The cultural sector faces the conundrum of proving its value in a way that can be understood by decision-makers. As Smith (2010b) has noted, arts and cultural
organisations face a 'cooler climate' than the one that prevailed during the early 2000s.
As a result it will not be enough for arts and culture to resort to claiming to be a unique or special case compared with other government sectors (Matarasso 2009). Since the 1980s the value of the cultural sector has been demonstrated through the lens of
'impact', whether economic (e.g. Myerscough 1988) or social (e.g. Matarasso 1997).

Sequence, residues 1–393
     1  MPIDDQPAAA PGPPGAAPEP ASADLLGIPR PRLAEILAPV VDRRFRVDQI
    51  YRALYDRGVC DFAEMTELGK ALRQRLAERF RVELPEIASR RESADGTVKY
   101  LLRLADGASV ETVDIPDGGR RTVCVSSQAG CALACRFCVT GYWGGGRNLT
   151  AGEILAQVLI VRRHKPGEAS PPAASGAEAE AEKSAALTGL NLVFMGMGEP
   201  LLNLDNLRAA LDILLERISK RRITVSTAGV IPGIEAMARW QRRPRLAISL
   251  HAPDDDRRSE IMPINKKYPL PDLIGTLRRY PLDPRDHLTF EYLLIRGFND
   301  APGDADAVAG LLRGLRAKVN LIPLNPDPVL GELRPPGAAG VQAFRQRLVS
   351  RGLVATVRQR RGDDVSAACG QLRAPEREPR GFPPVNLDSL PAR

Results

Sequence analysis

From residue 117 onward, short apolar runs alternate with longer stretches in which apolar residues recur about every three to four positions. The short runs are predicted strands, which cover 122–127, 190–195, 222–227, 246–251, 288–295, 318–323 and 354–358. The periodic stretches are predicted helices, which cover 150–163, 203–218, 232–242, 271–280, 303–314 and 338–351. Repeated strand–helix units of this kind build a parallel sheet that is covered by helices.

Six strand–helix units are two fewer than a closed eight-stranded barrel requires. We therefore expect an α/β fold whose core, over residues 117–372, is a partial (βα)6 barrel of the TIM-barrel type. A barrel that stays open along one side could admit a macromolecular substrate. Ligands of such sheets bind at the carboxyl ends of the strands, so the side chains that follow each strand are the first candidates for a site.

However in recent years there has been recognition, both within central government and in parts of the publically funded cultural sector, of the need to more clearly articulate the value of culture using methods which fit in with central government's
decision-making. Thus the cultural sector will need to use the tools and concepts of
economics to fully state their benefits in the prevailing language of policy appraisal and
evaluation (Bakhshi, Freeman and Hitchen, 2009).